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September 16, 2011 5:29 pm
Top US fast-food restaurant companies are beefing up their hamburgers to keep up with an onslaught of competition from “better burger” chains, which have been gaining market share by offering premium meat and high-quality toppings.
McDonald’s started offering Angus beef hamburgers on fluffy buns, promising more thickness and juiciness. Rival Wendy’s now sells an eight-ounce hamburger, made from North American beef that is never frozen. And Burger King, trying to capitalise on greater health consciousness, is cooking “California” Whoppers, topped with fresh guacamole and ripe tomatoes.
The more expensive premium burgers, which in some markets exceed $5, show that the quick-service restaurant industry is moving beyond value menus to lure customers who strayed to “fast casual” or better burger chains. An array of start-ups have changed the market with made-to-order burgers that often feature exotic toppings or organic, grass-fed meat.
“I think that these better burger chains have definitely rattled the feathers of quite a few companies,” said Brad Ludington, restaurant analyst at KeyBanc Capital Markets. “They’re peeling customers away.”
The premium burger trend was popularised by California’s In-N-Out Burger restaurants, which were founded in the 1940s but expanded rapidly on the west coast in the 1990s. With a nod to that model, companies such as Shake Shack, Smashburger, Five Guys and Fatburger have been opening in more locations across the US and overseas.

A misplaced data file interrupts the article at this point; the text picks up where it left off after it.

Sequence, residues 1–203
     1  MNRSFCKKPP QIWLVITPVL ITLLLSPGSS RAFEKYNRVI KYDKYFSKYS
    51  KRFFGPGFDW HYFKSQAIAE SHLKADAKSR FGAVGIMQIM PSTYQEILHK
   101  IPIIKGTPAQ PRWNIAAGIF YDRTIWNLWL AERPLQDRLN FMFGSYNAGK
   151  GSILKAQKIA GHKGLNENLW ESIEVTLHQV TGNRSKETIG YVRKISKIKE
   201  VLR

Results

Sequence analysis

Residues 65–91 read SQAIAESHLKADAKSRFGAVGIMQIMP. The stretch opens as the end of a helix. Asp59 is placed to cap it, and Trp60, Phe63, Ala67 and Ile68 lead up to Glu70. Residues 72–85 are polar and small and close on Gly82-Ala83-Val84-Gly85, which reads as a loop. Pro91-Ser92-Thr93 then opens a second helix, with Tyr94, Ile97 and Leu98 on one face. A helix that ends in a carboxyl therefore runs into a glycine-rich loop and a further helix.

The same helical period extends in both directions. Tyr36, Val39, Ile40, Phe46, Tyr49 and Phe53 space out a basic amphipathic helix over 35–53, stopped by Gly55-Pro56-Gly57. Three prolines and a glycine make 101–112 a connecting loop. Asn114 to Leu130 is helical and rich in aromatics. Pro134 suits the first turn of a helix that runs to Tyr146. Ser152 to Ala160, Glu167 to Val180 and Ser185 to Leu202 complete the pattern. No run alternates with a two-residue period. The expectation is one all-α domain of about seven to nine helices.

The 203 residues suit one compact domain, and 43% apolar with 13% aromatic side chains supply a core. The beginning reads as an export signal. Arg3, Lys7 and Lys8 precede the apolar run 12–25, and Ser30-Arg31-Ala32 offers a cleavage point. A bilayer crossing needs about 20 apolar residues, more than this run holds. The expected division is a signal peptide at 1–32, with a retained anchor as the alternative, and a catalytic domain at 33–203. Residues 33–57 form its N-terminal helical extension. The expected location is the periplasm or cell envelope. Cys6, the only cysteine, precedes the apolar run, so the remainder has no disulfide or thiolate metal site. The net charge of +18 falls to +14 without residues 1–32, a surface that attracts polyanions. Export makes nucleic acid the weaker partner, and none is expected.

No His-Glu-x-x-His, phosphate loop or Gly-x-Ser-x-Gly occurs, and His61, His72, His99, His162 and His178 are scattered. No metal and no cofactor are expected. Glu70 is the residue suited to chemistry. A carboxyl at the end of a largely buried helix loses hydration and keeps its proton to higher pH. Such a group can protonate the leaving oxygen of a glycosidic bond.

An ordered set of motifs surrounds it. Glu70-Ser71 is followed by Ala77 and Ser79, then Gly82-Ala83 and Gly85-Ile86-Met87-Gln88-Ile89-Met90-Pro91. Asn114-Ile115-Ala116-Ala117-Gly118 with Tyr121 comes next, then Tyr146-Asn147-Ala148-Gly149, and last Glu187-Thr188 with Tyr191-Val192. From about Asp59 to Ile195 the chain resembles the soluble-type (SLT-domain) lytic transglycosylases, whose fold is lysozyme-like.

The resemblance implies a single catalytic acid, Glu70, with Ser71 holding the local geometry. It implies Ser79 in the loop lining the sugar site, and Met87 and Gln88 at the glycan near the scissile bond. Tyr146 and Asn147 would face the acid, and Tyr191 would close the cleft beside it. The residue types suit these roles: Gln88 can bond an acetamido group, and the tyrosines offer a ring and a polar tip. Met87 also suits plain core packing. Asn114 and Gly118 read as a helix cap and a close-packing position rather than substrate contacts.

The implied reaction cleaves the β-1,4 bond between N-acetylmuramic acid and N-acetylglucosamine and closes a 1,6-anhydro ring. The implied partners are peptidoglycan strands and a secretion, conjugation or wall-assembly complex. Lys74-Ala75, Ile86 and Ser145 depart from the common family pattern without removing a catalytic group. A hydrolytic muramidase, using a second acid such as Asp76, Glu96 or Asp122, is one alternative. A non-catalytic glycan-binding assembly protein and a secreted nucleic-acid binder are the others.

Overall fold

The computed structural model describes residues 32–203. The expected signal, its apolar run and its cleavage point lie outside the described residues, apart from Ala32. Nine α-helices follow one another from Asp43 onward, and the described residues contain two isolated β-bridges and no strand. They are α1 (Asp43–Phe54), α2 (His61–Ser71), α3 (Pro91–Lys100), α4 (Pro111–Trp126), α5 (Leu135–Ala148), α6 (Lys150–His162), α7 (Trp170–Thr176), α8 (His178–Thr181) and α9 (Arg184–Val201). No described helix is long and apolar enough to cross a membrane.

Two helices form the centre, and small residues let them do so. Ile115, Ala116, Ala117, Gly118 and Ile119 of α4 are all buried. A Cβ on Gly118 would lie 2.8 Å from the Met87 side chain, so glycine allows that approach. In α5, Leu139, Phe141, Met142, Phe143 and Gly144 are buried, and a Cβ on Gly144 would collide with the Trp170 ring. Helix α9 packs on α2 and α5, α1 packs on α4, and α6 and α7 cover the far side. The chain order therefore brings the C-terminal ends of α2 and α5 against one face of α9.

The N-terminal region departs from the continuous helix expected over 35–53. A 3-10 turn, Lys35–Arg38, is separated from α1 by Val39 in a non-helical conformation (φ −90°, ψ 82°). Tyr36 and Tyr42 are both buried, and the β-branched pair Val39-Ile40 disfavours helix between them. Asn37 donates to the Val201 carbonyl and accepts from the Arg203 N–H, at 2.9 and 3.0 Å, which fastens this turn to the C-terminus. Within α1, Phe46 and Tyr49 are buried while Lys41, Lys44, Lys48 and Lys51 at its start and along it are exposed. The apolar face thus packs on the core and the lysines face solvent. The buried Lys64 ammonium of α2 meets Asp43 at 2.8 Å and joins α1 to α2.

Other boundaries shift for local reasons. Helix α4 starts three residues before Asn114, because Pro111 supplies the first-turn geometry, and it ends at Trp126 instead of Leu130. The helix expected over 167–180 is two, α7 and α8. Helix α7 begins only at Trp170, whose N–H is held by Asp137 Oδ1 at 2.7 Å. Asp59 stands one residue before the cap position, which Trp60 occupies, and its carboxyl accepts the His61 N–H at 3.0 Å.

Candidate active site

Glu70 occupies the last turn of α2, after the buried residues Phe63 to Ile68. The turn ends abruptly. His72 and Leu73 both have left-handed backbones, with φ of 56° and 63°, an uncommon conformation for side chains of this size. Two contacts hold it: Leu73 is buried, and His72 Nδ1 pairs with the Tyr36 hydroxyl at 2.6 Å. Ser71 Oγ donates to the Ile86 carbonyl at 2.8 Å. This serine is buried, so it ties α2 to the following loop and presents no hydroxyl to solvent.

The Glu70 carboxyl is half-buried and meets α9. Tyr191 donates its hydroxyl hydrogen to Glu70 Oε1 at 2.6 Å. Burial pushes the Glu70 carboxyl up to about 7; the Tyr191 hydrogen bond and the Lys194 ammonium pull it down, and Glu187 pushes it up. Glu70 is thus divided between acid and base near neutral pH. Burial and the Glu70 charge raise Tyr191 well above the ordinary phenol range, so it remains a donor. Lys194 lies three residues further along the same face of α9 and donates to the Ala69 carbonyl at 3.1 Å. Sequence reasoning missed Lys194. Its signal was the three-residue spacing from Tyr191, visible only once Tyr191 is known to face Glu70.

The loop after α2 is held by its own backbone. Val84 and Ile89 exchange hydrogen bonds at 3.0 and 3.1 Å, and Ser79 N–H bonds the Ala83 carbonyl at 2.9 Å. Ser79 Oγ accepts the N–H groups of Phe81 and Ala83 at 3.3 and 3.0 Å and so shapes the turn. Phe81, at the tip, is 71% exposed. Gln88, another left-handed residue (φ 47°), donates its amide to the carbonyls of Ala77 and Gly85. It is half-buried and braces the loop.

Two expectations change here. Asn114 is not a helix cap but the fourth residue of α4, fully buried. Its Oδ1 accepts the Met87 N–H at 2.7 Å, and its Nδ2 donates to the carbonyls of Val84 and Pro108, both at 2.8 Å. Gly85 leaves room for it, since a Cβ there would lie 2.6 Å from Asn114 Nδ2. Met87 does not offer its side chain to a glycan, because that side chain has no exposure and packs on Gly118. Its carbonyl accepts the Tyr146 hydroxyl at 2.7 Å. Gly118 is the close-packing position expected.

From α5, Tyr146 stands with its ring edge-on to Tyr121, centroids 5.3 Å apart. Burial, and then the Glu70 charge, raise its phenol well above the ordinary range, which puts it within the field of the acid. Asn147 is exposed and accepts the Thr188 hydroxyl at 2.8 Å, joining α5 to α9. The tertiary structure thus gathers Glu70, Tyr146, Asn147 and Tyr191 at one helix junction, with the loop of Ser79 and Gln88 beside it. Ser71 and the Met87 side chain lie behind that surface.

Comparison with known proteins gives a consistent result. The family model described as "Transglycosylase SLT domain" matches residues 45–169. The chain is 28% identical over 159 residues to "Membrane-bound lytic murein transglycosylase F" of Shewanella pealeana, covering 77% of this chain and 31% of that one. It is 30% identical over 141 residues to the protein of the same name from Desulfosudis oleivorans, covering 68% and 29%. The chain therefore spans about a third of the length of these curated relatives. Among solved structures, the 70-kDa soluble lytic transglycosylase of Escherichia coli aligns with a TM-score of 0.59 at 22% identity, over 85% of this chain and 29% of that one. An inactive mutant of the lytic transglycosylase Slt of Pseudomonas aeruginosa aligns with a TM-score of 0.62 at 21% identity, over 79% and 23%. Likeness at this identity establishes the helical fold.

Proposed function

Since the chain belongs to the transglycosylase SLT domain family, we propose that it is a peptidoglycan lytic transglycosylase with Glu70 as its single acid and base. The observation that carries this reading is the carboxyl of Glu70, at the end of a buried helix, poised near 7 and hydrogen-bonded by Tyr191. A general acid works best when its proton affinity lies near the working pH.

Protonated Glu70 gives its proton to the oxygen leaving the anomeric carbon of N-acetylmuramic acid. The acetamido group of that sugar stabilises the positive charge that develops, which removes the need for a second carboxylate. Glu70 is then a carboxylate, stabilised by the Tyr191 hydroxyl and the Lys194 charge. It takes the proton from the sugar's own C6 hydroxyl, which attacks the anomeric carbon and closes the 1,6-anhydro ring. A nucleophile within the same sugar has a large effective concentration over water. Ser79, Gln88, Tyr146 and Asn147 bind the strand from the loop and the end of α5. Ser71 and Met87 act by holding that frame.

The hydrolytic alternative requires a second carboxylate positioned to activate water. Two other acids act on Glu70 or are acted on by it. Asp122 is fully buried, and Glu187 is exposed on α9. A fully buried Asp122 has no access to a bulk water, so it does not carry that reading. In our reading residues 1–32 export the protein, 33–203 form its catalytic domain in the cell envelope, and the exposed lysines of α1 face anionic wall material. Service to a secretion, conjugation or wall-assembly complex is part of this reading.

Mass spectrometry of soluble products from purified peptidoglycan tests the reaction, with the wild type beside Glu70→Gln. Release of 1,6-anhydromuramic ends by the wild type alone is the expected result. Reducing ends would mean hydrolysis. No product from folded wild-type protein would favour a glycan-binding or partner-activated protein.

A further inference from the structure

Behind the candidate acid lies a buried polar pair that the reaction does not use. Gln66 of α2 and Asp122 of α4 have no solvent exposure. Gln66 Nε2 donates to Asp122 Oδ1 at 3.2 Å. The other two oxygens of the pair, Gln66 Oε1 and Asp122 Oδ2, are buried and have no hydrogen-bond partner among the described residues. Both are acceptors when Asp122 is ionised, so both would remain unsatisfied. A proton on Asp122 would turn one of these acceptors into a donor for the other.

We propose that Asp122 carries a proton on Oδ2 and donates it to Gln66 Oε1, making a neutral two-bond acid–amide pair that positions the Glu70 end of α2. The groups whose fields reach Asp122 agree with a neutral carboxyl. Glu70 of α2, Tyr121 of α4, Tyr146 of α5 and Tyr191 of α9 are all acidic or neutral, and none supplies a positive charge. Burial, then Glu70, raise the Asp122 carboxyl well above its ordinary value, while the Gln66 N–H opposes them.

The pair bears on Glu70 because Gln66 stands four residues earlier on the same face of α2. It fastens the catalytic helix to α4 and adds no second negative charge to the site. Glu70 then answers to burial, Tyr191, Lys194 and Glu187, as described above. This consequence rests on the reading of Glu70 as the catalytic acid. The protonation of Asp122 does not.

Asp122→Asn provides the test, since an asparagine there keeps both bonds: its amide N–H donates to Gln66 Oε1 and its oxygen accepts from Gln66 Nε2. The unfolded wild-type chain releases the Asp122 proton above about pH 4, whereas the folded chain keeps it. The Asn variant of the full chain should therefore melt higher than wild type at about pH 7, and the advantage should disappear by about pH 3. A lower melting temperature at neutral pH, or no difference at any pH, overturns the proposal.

A recent report by Technomic, a restaurant industry research firm, showed new high-end burger chains making inroads into the established market.
When Technomic surveyed consumers in 2009, 20 per cent ate at a speciality burger restaurant once a month, but last year that doubled to 40 per cent. To keep up with growing demand, the number of premium burger restaurants climbed 16.8 per cent in 2010 from the previous year, while US restaurant growth stalled at big fast-food chains.
Mary Chapman of Technomic said big restaurant chains have adopted more of a “barbell” strategy, offering their standard value menu to accommodate low-end customers and more creative and expensive options to keep up with the new breed of hamburger specialists.
Competition from better burger chains, which account for only about 3 per cent of the market, is good for the industry, according to Sara Senatore, restaurant analyst at Bernstein Research, because it gives consumers a new option priced between fast-food and casual dining. The focus on quality meats and toppings has forced industry leaders to sell healthier food.
“I think, given the demand environment, offering a premium-priced burger could make you raise your eyebrows a little bit, but it shows a continuing trend toward improved food quality,” Ms Senatore said. “All of the chains have ratcheted up the quality.”
McDonald’s has clearly taken notice. Donald Thompson, chief operating officer, was asked on a conference call in July if better burger chains were starting to pose a threat to the world’s largest hamburger chain. He expressed confidence in his company’s ability to offer a premium hamburger and said McDonald’s would use its size and supply chain to beat smaller rivals on pricing.
“You see the advent of more premium burger outlets coming into the marketplace and, frankly, I think it’s good for us,” Mr Thompson said. “I’m really looking forward to us having even more premium burgers.”
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